North Coast Angler
Fly Tying Techniques
"Spike Mackerel"
Spike Mackerel Fly, (dry)
Skip’s “Spike Mackerel” Fly design utilizes the "reverse" tying techniques combined with standard streamer techniques. Tying streamers with this “reverse method” allows the fly tier to vary the shape and profile significantly. The technique requires tying bunches of bucktail deer hair, or other hair like materials, on the hook shank in reverse of the traditional manner. The deer hair and other materials are pushed or propped back over the initial thread wrapping’s and tied again over the reversed bucktail. How far back over the bucktail wrap determines how much flare or the desired profile is achieved. The spike mackerel pattern requires 5 bunches of bucktail and 3 bunches of Krystal flash. Peacock herl and imitation polar bear hair are used at the head of the fly to complete the pattern. The size, shape and length of the pattern are determined by the size of the bait you are trying to imitate. But generally, the fly is tied 4” long. Smaller and larger are OK as well.
Materials and Recipe
Hook: Gamakatsu (or Aki), SL11-3H saltwater, 3x strong
Thread: 6/0 Gudebrod monofilament
Body: Bucktail, 3 colors; grey-silver, deep blue, dk. green
Flash: Krystal flash, 3 colors; clear pearl, chartreuse and medium blue
Head: Olive Peacock herl, white imitation polar bear hair or fine white bucktail
Eyes: Stick on yellow-black prismatic or painted
Glue: Crazy glue or Zap-a-Gap
Other: Red marker for gill imitation
Step 1
Wrap and tie in the monofilament just above the hook point. Snip a length of grey silver bucktail, 4 ½ inches long. Tie in the bucktail with several medium tight wraps leaving about ¼ inch of material beyond the wraps. This flared excess hair will reduce fly fouling during casting. With your fingers, rotate the bucktail evenly around the hook shank. Again with your fingers push and prop the fibers back toward the hook bend and flare out the fibers around the shank. Make several medium tight wraps over the bucktail moving back toward the hook bend about 1/8 inch. With your fingers, move the fibers around to make a uniform flare and take 4 or 5 tight wraps (allowing the monofilament to stretch) and set with a small drop of glue.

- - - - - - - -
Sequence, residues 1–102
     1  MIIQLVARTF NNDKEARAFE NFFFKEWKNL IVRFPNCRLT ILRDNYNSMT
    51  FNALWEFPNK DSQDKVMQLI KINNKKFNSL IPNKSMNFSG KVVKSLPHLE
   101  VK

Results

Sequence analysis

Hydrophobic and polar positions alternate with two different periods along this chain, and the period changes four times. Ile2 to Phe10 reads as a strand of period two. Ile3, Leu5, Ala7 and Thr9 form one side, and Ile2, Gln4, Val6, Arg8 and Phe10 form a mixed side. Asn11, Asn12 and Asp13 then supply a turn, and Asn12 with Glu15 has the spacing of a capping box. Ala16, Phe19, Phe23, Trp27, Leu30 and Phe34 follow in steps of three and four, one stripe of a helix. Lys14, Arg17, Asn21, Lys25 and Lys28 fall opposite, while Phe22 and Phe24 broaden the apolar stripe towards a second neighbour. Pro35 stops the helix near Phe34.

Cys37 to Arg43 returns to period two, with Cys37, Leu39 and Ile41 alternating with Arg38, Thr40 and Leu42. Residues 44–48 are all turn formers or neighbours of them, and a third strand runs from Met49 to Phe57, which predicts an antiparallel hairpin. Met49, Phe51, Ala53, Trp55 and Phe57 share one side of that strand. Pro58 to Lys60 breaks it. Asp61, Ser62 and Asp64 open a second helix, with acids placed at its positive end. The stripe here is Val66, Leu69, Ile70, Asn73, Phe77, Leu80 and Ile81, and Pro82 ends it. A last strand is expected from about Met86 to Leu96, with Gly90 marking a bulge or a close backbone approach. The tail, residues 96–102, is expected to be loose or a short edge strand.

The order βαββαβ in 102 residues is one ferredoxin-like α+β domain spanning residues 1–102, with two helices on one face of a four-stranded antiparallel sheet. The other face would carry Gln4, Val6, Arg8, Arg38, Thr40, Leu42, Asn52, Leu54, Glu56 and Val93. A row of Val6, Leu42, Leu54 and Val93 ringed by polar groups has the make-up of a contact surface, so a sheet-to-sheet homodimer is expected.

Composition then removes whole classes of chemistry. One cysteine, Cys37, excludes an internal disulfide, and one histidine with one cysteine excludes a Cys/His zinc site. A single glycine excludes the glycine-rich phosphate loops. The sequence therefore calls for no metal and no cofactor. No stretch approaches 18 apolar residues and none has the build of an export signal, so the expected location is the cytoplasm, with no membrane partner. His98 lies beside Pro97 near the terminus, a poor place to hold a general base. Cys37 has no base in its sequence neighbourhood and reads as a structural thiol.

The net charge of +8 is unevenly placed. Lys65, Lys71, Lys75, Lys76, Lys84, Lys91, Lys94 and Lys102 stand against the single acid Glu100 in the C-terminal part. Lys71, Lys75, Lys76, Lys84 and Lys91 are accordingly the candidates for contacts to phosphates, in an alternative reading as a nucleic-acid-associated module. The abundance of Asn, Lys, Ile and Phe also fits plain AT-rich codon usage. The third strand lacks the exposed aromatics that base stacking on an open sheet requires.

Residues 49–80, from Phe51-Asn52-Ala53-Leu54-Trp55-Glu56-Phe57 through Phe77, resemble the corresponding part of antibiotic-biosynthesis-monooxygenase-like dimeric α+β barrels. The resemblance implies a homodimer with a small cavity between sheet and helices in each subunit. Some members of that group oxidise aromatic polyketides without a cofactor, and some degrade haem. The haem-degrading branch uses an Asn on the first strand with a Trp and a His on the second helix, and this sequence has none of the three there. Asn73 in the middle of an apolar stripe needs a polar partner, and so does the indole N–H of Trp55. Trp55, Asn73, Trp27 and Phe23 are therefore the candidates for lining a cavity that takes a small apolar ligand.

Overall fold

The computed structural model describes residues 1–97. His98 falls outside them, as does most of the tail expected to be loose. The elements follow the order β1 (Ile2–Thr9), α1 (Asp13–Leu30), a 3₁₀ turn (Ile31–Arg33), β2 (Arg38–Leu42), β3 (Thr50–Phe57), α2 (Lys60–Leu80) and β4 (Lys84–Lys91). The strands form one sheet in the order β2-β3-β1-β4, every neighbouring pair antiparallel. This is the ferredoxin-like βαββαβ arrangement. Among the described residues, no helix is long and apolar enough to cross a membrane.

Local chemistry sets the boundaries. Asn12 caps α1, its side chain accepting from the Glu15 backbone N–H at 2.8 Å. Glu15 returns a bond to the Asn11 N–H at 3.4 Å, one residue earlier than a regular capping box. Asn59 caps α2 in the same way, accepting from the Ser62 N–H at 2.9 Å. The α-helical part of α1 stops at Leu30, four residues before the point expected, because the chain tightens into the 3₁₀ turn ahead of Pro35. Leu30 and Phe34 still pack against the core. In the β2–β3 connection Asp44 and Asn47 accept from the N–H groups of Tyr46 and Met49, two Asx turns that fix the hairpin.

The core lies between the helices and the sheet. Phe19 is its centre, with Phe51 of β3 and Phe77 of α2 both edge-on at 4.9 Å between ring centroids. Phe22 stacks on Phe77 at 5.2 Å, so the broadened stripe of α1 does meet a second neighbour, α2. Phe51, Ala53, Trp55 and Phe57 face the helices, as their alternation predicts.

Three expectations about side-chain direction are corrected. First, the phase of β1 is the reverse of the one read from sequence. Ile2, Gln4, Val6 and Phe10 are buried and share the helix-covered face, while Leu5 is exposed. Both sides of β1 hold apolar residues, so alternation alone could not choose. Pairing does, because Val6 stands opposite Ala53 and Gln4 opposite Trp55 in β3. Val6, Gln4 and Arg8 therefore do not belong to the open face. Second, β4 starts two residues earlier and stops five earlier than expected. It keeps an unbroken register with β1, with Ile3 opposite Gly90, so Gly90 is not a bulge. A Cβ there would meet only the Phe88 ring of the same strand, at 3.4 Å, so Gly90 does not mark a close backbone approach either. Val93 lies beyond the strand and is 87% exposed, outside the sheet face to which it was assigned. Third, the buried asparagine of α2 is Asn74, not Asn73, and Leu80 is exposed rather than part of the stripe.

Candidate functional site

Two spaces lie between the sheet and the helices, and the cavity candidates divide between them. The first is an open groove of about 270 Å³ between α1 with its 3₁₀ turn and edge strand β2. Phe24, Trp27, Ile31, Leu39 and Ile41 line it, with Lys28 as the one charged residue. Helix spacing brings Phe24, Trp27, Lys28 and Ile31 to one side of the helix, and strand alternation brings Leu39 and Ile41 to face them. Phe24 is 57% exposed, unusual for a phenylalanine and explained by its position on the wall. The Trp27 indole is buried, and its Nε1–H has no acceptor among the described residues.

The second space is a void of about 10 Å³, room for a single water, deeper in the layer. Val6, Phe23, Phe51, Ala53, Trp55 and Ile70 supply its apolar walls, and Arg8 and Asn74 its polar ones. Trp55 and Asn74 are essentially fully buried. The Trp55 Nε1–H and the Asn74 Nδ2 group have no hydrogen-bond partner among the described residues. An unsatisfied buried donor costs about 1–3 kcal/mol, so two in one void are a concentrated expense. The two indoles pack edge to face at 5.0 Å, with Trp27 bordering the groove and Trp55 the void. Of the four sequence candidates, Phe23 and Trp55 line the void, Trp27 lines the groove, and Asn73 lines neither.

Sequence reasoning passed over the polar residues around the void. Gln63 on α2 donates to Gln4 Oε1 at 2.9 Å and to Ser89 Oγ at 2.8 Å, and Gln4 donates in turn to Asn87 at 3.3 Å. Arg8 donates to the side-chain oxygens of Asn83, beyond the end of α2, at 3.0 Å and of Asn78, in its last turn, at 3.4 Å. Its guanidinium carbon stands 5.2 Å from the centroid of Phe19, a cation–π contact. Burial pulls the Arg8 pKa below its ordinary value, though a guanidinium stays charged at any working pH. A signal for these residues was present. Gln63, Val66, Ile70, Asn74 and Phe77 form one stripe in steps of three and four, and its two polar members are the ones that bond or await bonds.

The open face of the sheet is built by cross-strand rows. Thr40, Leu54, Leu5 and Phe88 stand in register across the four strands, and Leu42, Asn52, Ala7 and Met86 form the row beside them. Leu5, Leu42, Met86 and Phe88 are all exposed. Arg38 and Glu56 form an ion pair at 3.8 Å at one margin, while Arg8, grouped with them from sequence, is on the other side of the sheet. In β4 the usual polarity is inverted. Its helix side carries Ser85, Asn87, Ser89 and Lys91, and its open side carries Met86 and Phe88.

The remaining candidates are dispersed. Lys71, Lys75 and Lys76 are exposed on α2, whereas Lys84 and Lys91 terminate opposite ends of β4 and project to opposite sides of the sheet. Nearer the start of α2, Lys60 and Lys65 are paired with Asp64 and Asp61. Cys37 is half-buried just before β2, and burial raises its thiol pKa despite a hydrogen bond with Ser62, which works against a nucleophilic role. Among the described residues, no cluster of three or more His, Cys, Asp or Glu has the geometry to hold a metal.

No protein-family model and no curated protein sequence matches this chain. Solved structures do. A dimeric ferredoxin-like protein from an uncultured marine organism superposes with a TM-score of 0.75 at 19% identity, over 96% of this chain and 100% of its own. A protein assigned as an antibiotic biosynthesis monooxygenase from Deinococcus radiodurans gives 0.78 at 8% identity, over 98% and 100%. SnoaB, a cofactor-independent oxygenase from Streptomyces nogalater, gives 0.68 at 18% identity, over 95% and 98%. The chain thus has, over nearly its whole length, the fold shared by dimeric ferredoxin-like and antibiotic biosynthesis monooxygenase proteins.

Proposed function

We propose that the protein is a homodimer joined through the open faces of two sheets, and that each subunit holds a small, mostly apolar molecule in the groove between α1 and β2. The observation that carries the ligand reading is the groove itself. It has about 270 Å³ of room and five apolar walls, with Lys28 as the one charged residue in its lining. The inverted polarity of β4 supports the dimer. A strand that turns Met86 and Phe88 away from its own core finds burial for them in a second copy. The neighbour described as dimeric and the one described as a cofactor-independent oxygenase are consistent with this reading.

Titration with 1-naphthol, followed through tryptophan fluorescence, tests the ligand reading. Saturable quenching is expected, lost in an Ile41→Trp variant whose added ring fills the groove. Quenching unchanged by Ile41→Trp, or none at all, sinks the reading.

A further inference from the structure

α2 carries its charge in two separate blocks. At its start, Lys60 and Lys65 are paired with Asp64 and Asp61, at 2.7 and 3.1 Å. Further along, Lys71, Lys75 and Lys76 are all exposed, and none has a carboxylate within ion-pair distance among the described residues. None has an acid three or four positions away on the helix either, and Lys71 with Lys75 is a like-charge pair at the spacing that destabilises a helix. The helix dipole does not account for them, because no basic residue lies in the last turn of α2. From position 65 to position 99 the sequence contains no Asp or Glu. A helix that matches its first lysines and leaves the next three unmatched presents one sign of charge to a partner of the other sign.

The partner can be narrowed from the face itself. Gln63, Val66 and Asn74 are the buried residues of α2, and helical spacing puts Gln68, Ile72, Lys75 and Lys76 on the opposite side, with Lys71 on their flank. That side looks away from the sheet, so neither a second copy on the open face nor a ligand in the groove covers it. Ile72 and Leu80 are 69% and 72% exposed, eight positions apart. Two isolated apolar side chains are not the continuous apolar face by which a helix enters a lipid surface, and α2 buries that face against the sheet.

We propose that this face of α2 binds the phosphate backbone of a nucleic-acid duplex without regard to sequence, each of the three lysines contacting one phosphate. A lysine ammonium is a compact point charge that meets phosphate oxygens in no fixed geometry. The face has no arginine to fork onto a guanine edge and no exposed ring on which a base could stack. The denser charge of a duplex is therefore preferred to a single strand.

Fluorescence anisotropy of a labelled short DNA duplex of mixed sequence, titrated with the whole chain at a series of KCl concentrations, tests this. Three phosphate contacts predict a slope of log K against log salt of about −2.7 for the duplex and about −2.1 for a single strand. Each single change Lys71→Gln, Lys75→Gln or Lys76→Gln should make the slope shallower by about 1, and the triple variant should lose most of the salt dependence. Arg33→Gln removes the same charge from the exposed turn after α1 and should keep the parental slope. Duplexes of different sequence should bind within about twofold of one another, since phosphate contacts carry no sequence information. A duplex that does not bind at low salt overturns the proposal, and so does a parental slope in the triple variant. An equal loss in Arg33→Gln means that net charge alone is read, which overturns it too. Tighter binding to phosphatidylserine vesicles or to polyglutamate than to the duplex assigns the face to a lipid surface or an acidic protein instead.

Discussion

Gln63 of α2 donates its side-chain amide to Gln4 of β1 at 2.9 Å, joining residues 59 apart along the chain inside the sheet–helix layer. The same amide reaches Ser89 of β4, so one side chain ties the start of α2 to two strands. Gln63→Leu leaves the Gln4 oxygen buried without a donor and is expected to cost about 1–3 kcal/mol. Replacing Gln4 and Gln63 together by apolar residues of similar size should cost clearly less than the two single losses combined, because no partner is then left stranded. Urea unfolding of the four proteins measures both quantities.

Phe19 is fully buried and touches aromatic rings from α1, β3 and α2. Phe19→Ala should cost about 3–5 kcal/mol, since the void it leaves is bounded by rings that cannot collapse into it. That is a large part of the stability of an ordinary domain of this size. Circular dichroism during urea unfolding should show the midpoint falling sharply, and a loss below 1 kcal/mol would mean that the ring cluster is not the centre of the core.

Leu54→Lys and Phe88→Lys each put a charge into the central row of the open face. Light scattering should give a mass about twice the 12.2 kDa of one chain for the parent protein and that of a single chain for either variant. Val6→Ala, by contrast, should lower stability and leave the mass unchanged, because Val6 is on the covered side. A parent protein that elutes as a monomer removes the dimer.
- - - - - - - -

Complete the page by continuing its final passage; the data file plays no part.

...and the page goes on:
Step 2
Tie in the next course of deep- blue bucktail just forward of the wraps in Step 1. Use the exact same techniques as in Step 1. The length of bucktail should be long enough to match the extension of the grey hair and crystal flash. Next snip off 15-20 strands of chartreuse Krystal flash at the same 4 ½ inch length and tie in (over the bucktail wraps) using the reverse method. Rotate and flare the strands uniformly around the bucktail and tie in over the strands. Secure with 4 or 5 tight wraps and add a drop of glue.
Step 3
Tie in the next course of dark green bucktail just forward of the wraps in Step 2. Use the exact same techniques as in Step 1 and 2. The length of bucktail should be long enough to match the extension of the previous course of materials. Next snip off 15-20 strands of medium blue Krystal flash at the same 4 ½ inch length and tie in (over the bucktail wraps) using the reverse method. Rotate and flare the strands uniformly around the bucktail and tie in over the strands. Secure with 4 or 5 tight wraps and add a drop of glue.
Step 4
Repeat steps 2 and 3, adding a course of deep blue and dark green bucktail. In this step, omit the use of Krystal flash.
Step 5
Snip off two smallish clumps (about 1/2 to 5/8 of an inch long) of white imitation polar bear or fine white bucktail and tie in on either side of the throat below the mid line. This material serves two important functions; first, they mimic small pectoral fins and secondly provide excellent tracking stability to the fly during fast stripping. The fly will track upright rather than twist to one side or the other.
Step 6
Complete the “Spike Mackerel” by tying in 10-12 strands of olive Peacock herl over the head of the fly. Add a couple of red marks for gill openings, stick-on or paint on eyes and finish with epoxy. That’s it! This pattern will take some practice and patience to get right, but it works well for bluefin and stripers alike.
Questions or Comments, email: northcoastangler@yahoo.com
Captain Skip Montello

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